The Keating-Owen Child Labor Act of 1916
The Keating-Owen Child Labor act was the very first bill to focus on the issue of children being exploited for labor. It was sponsored by Edward Keating and Robert Owen in order to prevent manufactures and factories from employing and overworking underage children. It had many different goals and achieved some pretty spectacular results.
Goal of Keating-Owen Act
The goal of this bill was to protect children of families in poverty. These children where often sent to work for very low wages, inhumanely long hours, and abnormal hours. This act caused congress to create a board of people to oversee the use of child labor in the United States. It made sure that environments where safe and ethical and that the children where paid fairly. It also made any companies who violated these statues to be penalized.
Where it Started
The first proposal was made in 1906 by Senator Albert J. Beveridge. Through the work done by NCLC or National Child Labor Committee and Alexander McKelway, it was then signed to a law by Woodrow Wilson in 1916. It took effect on the 1st of September in 1917.
New Legal Requirements
As the bill took effect, it is noted that all factories and manufacturing companies that employed children who are under 16 and exceeds the regular hours of working be prohibited from having interstate commerce. The law can be noted as the end for child labor especially for children who are required too hard even at an early age. With this child labor law, many people believed that it will put an end to the increasing number of children who are forced to work even off the working hours just for factories to get enough supply.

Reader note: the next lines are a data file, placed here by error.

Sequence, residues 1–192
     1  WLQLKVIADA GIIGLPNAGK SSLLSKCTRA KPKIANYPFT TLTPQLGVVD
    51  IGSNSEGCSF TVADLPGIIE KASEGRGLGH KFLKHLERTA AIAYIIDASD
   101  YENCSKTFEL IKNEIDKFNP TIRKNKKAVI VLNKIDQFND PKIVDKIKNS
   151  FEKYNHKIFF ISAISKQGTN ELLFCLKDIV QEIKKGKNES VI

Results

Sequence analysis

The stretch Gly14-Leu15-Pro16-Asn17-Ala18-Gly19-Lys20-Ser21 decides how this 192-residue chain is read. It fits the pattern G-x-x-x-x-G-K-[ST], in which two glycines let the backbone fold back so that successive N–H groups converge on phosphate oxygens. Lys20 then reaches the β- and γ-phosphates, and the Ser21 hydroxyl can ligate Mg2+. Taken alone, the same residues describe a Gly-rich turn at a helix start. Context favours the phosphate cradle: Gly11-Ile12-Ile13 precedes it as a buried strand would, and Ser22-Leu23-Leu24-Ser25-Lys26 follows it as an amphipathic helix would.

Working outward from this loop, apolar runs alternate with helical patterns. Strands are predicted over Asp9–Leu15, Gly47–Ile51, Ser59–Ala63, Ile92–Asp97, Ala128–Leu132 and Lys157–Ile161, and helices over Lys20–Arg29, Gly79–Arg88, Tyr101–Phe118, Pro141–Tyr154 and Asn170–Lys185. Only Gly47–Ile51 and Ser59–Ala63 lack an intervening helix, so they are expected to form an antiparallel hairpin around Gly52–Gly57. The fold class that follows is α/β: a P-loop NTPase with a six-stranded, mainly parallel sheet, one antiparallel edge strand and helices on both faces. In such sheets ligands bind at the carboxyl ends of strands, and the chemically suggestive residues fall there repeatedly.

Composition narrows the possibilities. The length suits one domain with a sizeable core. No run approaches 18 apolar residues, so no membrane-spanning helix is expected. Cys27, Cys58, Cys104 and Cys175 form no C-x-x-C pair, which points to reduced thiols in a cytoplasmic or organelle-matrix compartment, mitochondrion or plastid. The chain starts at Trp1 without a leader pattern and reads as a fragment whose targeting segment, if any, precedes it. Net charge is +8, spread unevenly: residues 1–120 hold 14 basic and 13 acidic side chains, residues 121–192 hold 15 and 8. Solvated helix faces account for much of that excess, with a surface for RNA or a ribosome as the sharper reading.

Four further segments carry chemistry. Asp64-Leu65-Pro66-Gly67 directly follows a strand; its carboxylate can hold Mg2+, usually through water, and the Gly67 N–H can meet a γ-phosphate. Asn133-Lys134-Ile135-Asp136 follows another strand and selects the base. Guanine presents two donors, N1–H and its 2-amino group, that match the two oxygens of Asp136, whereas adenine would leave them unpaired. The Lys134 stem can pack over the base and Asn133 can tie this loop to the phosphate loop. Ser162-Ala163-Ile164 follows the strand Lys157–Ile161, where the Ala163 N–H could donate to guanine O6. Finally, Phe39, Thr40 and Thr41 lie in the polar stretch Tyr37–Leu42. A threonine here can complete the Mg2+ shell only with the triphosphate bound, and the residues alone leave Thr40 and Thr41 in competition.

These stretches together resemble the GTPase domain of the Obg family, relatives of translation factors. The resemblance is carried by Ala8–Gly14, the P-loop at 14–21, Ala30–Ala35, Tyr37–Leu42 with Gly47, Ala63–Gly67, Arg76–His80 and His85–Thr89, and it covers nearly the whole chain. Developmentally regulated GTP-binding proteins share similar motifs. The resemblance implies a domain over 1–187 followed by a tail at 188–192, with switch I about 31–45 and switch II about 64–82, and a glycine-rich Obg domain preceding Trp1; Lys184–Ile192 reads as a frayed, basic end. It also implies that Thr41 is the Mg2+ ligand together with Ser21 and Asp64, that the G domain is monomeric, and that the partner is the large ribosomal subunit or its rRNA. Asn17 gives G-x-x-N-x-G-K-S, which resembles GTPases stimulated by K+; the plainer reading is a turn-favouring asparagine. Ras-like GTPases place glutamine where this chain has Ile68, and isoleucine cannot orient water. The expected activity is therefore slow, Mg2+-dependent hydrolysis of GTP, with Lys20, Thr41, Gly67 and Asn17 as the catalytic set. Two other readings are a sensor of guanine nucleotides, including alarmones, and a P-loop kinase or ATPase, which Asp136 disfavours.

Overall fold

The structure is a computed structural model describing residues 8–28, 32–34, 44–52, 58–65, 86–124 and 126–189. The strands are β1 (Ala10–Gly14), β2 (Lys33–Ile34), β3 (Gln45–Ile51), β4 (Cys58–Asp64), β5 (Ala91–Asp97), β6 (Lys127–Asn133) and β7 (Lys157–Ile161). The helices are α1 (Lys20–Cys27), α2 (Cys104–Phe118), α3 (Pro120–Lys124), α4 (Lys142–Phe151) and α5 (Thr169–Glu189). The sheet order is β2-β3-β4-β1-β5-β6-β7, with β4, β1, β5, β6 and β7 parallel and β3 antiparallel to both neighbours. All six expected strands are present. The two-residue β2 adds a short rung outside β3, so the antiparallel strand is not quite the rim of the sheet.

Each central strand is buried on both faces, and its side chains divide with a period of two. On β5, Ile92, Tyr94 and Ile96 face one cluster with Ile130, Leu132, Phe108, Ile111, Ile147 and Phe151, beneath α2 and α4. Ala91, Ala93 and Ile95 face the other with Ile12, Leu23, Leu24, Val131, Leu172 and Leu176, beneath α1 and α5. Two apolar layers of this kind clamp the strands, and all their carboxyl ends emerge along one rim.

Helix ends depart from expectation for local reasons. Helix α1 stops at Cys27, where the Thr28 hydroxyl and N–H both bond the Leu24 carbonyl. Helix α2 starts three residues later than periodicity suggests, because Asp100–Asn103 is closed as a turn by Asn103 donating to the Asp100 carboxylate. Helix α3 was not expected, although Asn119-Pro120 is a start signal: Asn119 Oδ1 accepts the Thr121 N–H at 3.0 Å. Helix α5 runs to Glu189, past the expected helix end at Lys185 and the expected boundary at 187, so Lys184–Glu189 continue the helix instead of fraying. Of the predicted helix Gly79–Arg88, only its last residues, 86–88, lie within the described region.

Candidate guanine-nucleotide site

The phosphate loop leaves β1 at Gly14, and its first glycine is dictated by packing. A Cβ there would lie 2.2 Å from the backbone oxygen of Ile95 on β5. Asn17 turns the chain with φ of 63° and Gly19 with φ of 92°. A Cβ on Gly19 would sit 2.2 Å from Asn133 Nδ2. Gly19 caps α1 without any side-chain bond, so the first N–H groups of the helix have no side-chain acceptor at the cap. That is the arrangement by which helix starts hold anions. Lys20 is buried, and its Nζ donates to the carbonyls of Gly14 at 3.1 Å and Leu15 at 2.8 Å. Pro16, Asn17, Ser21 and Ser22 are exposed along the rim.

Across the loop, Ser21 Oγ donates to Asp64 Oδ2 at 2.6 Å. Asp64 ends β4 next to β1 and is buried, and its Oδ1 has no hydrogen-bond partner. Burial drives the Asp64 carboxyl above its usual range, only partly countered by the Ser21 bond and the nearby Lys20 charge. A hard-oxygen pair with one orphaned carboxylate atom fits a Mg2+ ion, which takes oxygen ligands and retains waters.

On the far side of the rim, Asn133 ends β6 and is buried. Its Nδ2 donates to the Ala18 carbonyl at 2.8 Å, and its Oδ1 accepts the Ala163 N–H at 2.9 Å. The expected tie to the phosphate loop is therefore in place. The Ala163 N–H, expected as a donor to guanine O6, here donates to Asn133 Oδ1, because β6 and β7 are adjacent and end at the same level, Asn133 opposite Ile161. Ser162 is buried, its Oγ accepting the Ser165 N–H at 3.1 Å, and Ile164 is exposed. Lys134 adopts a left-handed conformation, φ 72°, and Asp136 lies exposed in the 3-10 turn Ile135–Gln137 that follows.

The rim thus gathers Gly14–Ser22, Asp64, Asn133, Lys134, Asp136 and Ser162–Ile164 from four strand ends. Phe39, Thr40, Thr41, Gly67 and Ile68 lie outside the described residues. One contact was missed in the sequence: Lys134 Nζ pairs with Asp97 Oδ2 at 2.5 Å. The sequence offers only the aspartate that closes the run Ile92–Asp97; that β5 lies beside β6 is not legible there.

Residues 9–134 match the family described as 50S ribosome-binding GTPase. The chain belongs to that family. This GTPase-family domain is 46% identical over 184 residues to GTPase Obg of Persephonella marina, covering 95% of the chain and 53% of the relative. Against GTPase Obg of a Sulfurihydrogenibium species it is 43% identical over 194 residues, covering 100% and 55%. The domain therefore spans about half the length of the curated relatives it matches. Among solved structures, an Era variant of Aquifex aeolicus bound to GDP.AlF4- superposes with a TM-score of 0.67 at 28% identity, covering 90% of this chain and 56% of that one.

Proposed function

A Change of Heart
Though the law was very promising, it did not last long. After 9 months of being law, the Supreme Court of the United States of America found that the law was unconstitutional. This was due to the Hammer v. Dagenhart, 247 U.S. 251 (1918), where the Supreme Court found out that the law has overstepped the entire purpose of the power given to the government for regulating interstate commerce. The court has outlined the problems that the power of the congress has on regulating the production and the commerce in the state under Keating-Owen Child Labor Act.
Due to the fact that the congress overstepped their power for regulating commerce and production based on the opinion of the court, the law was then ruled to be unconstitutional and ended its effect on the child labor and interstate commerce, as well. Though the first child labor act was not used continuously, the congress still managed to make other laws that would address the awareness of protecting children from child labor and be fair with labor standards. In today’s world there are very strict child labor laws and laws to be followed which protect the rights of our country’s children.